Irit Umani: Toward Humanity

By Michael Barnes

Austin American-Statesman

If Hollywood made a movie of Irit Umani’s life, Dame Judi Dench would play the Israeli-born Austinite.

The executive director of the Trinity Center, which helps the homeless downtown, shares with the Dame Commander of the Order of the British Empire the short, white hair, the creased brow and the alert eyes. Both employ warm, deep voices to convey fluent, carefully connected thoughts.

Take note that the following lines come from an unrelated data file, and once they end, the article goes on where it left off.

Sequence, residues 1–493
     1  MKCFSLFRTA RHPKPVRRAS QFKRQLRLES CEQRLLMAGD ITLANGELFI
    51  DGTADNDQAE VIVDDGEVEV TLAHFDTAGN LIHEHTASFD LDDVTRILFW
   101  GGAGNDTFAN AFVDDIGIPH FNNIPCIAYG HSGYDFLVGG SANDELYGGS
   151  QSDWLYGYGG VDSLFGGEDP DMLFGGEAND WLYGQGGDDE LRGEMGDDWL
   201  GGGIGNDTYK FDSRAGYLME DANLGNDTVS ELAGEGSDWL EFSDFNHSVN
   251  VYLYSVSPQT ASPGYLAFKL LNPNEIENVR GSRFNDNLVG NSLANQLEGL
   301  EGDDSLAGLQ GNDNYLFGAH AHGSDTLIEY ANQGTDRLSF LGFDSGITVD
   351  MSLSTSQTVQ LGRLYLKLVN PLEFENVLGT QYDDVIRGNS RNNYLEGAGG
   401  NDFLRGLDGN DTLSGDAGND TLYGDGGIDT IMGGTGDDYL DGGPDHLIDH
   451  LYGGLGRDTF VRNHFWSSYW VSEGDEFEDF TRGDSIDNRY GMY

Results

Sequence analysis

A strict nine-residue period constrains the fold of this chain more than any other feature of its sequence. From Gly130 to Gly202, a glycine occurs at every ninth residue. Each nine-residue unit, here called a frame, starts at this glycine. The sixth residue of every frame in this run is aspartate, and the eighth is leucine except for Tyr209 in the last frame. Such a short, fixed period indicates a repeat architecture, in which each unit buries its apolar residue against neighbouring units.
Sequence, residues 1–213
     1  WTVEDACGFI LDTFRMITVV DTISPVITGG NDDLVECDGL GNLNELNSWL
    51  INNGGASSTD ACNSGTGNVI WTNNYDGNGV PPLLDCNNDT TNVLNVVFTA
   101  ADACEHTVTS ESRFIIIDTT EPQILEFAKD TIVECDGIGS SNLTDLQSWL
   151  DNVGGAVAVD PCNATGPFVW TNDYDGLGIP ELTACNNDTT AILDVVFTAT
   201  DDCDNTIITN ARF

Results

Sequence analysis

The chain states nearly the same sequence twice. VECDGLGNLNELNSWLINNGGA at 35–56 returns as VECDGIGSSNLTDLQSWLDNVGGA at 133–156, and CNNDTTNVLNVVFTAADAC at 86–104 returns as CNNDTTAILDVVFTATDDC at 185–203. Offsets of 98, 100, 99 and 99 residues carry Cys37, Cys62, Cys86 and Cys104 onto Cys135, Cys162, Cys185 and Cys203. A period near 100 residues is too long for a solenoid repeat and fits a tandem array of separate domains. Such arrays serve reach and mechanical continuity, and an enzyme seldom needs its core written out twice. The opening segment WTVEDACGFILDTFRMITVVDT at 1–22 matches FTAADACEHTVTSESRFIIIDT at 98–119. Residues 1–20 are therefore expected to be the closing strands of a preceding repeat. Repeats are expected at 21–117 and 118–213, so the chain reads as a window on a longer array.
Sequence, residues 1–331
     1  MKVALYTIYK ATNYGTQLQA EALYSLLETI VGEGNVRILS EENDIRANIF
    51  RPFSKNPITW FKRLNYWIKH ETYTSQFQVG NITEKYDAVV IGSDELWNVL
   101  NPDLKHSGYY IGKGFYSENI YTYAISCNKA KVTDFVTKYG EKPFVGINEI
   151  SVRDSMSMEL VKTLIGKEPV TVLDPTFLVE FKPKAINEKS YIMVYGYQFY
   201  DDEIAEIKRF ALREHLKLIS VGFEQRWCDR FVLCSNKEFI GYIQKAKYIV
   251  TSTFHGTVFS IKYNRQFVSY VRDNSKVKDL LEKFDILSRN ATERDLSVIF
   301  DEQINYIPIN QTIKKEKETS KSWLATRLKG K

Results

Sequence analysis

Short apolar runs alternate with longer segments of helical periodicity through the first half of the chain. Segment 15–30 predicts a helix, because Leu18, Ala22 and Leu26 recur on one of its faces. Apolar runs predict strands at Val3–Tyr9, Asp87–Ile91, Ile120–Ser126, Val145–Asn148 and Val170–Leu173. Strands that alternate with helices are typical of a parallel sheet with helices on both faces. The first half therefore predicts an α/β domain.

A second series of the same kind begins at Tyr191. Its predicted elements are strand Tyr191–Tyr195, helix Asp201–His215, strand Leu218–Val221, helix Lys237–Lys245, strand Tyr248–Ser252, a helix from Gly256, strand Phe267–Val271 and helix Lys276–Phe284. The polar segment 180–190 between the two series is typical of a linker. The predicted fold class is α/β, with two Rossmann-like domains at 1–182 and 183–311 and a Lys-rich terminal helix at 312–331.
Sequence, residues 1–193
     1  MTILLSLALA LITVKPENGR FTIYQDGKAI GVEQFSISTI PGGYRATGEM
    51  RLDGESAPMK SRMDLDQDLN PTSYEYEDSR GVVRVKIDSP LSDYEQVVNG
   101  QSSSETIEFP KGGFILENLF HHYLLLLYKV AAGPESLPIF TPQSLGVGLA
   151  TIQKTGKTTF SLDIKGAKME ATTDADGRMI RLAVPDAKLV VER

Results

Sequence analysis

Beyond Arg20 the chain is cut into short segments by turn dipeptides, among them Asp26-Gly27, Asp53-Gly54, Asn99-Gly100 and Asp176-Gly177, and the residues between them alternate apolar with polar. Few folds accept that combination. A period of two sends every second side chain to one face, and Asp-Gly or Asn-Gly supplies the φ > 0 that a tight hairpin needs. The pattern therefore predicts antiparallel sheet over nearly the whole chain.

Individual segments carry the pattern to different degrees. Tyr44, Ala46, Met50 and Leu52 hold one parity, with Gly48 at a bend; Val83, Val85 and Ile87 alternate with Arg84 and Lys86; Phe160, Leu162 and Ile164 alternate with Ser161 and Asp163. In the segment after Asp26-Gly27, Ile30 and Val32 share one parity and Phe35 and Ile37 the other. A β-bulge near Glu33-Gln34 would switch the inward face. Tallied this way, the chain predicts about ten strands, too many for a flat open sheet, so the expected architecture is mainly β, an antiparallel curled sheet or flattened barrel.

True, Dench is 78 and Umani is a mere 62, but the actress would be fascinated by the journey of the sabra, born just after the birth of the Jewish state, who studied education and psychology, completed her national service inside a frontier kibbutz, escaped a harrowing marriage, started a women’s shelter, pushed for peace in her native country, embarked on a pilgrimage that included time in a New Mexico monastery, then eventually devoted her life to the spiritual, emotional and physical needs of Austin’s homeless at St. David’s Episcopal Church’s center.

 

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